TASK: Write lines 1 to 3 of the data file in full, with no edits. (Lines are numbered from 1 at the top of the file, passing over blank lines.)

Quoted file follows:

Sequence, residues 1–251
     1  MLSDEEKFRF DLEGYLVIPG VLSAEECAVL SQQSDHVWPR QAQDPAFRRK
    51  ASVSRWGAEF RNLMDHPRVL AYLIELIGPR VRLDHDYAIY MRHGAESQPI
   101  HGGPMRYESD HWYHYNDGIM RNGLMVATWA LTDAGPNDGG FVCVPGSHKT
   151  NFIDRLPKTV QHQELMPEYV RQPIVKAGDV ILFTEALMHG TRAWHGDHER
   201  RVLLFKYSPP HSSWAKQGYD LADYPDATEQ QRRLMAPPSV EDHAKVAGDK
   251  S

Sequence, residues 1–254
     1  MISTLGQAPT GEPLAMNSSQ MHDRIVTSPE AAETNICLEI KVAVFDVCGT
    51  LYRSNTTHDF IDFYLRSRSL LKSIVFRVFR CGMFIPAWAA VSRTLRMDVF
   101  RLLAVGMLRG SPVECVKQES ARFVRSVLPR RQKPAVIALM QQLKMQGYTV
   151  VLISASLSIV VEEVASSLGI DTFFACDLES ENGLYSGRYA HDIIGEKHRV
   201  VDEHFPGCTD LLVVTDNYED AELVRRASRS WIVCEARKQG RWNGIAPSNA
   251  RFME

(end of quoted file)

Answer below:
Sequence, residues 1–251
     1  MLSDEEKFRF DLEGYLVIPG VLSAEECAVL SQQSDHVWPR QAQDPAFRRK
    51  ASVSRWGAEF RNLMDHPRVL AYLIELIGPR VRLDHDYAIY MRHGAESQPI